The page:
Be “Irresistible”: Four Keys to Securing Top Flex Talent
February 11, 2022
Where are the workers?
As noted by HR thought leader Josh Berson, over 16 million positions in the US remain open – meaning that roughly one in nine jobs are unfilled. In the UK, the ratio is roughly the same. On both sides of the Atlantic, we see unprecedented competition over staff, and salary increases seem destined to continue.
Meanwhile, the COVID pandemic has catalysed a profound shift in how many of us work. Once nascent work paradigms are now ascendant. In the UK, Atom Bank announced late last year that it was instituting a 4-day work week while also cutting working hours nearly 10%, from 37.5 to 34 “in recognition of the strong preference workers have for the opportunity to work flexibly” in the wake of the pandemic. There are strong reasons to move to a 4-day work week: doing so increases worker productivity, boosts well-being, and aids in attracting and retaining Talent.
As goes the larger world so goes the world of law. COVID made remote work de rigueur, and initial fears about hiring freezes and layoffs ultimately proved unfounded. Quite the contrary: 2021 was a banner year for many law firms, and consequentially, hiring continues apace. Unsurprisingly, with competition for Talent stiffening, salaries reached unprecedented levels.
Talent is now front-and-centre as one of the (perhaps even the) most critical issues for firms. The 2021 Thomson Reuters Law Firm Business Leaders Report states 51% of law firms have identified talent acquisition and retention as the biggest risk to future profitability. The report also cites losing Talent through competitor poaching (31%), closely followed by associate salary increases (29%). Nevertheless, law firms remain optimistic about growth and expansion in 2022. Recruitment and retention will be critical in meeting these projections.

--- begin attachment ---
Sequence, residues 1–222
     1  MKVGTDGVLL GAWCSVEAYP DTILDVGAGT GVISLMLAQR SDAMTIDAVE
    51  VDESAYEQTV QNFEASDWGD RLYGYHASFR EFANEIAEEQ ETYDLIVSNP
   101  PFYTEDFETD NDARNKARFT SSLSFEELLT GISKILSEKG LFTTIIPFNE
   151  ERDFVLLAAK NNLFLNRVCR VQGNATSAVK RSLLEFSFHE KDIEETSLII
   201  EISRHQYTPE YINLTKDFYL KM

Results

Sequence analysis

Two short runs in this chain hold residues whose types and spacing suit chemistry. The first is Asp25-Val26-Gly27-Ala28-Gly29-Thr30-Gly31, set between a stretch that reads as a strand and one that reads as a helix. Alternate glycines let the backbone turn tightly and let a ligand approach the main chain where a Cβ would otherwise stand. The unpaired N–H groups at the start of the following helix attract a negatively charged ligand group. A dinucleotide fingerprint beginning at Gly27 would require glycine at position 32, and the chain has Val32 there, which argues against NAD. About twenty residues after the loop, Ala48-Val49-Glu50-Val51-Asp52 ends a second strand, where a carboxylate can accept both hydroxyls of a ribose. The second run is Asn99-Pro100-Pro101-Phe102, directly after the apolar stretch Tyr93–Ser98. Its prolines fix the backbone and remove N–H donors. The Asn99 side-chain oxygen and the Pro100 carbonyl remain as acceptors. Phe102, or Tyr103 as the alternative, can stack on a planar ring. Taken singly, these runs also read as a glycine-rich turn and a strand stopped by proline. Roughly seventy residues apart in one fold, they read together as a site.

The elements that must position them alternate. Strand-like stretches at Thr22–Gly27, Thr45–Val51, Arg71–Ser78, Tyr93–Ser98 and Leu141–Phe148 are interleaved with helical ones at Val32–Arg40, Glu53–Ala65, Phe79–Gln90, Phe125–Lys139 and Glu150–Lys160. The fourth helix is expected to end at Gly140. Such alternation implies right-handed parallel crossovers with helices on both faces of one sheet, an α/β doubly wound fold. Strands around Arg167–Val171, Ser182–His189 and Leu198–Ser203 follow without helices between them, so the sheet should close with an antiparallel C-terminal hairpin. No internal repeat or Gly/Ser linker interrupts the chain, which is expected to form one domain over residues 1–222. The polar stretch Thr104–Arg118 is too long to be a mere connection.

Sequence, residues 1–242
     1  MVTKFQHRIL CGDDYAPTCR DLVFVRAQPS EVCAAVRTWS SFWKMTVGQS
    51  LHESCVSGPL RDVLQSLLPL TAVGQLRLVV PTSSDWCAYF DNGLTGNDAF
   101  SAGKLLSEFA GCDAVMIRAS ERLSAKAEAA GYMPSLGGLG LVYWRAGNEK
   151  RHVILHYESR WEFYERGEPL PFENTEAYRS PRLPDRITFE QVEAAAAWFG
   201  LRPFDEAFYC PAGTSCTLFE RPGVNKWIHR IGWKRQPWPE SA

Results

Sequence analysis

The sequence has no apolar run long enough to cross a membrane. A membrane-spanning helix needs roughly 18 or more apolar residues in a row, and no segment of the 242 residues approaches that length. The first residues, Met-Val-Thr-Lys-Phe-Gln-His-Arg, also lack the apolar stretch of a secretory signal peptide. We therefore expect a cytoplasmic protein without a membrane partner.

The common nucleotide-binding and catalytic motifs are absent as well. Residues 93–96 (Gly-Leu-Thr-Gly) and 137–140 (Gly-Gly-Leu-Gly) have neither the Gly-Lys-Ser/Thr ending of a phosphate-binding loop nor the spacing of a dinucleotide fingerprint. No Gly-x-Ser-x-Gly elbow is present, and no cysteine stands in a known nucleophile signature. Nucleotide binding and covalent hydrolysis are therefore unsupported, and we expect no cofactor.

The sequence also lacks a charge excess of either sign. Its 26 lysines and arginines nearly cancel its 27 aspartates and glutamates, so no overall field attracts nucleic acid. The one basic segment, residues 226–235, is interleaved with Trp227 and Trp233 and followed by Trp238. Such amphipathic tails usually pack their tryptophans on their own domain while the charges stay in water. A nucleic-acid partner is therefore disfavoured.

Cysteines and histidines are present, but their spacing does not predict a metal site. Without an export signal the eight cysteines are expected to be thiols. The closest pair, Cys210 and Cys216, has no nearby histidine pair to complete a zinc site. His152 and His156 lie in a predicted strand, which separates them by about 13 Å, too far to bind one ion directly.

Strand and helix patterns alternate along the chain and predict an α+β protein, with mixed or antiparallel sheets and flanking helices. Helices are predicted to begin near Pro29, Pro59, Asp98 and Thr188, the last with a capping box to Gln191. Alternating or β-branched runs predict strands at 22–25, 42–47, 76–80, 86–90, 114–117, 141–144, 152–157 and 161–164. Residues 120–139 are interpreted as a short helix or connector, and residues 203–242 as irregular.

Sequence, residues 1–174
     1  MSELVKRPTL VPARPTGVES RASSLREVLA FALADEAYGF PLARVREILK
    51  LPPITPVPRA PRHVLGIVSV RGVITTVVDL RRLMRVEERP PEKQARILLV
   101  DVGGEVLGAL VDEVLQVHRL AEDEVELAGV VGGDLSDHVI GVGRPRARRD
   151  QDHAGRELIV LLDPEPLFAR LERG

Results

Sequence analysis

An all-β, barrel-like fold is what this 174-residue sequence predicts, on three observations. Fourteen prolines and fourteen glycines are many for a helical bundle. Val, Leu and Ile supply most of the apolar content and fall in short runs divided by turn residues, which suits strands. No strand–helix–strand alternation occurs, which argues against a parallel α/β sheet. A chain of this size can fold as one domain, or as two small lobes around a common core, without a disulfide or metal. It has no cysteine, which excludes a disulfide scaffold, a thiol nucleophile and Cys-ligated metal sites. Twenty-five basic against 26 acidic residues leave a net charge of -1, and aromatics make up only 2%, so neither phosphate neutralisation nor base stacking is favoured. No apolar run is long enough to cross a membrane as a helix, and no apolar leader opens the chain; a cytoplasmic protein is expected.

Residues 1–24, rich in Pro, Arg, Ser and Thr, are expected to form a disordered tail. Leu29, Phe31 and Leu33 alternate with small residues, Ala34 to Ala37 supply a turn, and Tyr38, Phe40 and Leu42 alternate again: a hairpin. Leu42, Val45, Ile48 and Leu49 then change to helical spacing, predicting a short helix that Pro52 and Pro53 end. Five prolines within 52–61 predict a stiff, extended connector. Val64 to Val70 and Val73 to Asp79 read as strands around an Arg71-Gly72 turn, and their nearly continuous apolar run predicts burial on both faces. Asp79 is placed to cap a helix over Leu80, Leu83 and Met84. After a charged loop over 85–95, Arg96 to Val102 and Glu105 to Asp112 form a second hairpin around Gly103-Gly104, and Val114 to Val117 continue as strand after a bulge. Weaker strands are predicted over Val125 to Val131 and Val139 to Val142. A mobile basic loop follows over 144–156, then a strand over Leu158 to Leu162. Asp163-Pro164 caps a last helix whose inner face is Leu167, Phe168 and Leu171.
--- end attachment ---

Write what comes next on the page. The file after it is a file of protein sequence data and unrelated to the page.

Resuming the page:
Indeed, for Australia-based law firms, the future is now: many experienced growth at an incredible pace in 2021, and they have been turning to flexible staffing solutions to meet needs at the speed at which new needs arise. The situation in Australia is particularly fascinating; the lockdowns and limitations of travel have created a pressure cooker environment, which has prevented the movement of resources in and out of what is an already tight market. This has driven up the cost of Talent, but law firms have been slower to respond to the increase than have law departments. As a result, firms are starting to lose out on securing top Talent. In-house roles are offering more attractive propositions with competitive rates to match, and Talent are voting with their feet.
The Evolution of Talent Expectations
This demand has led increasing numbers of organisations to turn to interim resource providers to fill the resourcing gaps. Whilst it’s true that companies who are decisive in their decision-making and offer competitive pay, long-term contracts, and seamless onboarding are snapping up top Talent, it is also important to consider the Talent perspective in more detail.